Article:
It’s been barely noticed, but last month there was an incursion of politics into sports like no other, writes Dave Zirin.
The Israeli city of Tel Aviv is preparing to host the Eurovision Song Contest in May, following Israeli artist Netta Barzilai’s win in Eurovision 2018.
In response, BDS Australia, which support the global boycott, divestment and sanctions campaign against Israel, says: “As a serial human rights abuser, it is unacceptable for Israel to be the host country for a competition that, in SBS’s own words, is supposed to ‘bring people and cultures together’.
More than 60 international NGOs have added their voices in protest against the plan to hold the finals of the Eurovision Song Contest in Tel Aviv this year. They are now part of what is quickly becoming an international campaign by civil society groups seeking to move the event, which is scheduled for May, from Israel.
Campaigners for gay, lesbian and transgender rights have urged a boycott of this year’s Eurovision Song Contest in Tel Aviv in May.
Hundreds of Palestinians took to the streets of besieged Gaza on January 29 to show their support of the democratically-elected government of Venezuela and it’s legitimate leader, President Nicolas Maduro.
The 45th Friday of the Great March of Return took place on February 1. Each Friday since March 30 last year, Gazans have defied Israeli snipers — who have shot unarmed protesters, journalists and medics — to demand their right to return to their now Israeli-occupied lands.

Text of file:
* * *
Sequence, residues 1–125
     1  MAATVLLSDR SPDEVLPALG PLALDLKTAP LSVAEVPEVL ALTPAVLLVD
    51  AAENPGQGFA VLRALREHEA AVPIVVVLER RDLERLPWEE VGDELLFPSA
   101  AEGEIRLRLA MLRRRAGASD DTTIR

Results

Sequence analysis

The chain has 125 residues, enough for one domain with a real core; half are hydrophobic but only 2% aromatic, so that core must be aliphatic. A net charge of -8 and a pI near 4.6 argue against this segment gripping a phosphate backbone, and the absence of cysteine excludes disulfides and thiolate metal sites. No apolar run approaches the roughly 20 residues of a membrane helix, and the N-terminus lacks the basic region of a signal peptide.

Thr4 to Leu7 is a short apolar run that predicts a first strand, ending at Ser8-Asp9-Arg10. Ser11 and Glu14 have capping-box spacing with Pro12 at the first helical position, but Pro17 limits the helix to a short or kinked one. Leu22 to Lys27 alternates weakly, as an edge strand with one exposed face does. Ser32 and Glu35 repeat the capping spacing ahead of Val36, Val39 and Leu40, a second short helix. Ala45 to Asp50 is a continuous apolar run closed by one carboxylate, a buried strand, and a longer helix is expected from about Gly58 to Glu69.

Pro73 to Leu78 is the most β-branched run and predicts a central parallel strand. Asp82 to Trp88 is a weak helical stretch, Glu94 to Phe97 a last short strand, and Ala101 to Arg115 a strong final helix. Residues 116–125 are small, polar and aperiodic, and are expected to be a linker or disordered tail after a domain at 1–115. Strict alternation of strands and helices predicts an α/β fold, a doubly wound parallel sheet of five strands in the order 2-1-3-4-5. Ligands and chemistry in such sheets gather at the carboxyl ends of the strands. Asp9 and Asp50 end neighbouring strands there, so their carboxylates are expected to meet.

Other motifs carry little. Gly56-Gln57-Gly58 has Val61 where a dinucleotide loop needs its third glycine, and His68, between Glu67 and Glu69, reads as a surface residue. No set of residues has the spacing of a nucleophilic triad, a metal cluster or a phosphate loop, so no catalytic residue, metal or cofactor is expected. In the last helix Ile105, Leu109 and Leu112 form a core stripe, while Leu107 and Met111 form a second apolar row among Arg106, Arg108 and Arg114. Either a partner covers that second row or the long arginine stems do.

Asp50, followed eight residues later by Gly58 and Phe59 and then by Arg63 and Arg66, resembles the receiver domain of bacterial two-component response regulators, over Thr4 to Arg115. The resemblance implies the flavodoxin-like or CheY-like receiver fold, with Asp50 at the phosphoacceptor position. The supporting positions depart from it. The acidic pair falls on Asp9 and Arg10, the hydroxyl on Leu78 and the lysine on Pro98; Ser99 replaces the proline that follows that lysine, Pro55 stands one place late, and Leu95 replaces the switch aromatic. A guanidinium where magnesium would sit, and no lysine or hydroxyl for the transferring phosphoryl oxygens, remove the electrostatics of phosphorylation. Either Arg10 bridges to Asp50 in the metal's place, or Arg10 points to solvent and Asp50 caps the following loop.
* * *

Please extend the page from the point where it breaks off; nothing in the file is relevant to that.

The United Nations Office for the Co-ordination of Humanitarian Affairs in the Occupied Palestinian Territories (OCHA-OPT) said there have been more than 26,000 Palestinian injuries since the Great March began. Israeli injuries stand at 23.
When it comes to the infrastructure of genocide, you could illustrate it using almost any photo of a school, house, shop or village in the West Bank. You could bookmark a Google maps page of a particular West Bank town — then look again in three or six months time and note the destruction wrought.
This is one way of keeping track of the demolitions of Palestinian homes and Israel’s attempts to impose an “Israeli only” identity on the landscape.
As I walked through the tight alleyways of Jabaliya refugee camp in northern Gaza earlier this year, I was followed by dozens of curious barefoot children, fascinated that a foreigner had made them a visit. The siege on Gaza has made it nearly impossible for outsiders to enter.
With the children a few steps behind me, smiling and giggling, I made my way through the dusty camp, being greeted and welcomed by Palestinians who came to their doorways as we passed.
In the six months since the Great March of Return began in Gaza, with Palestinians demanding the right to return to land from which they were expelled from, Israel has killed 205 Palestinians and injured more than 21,000 others.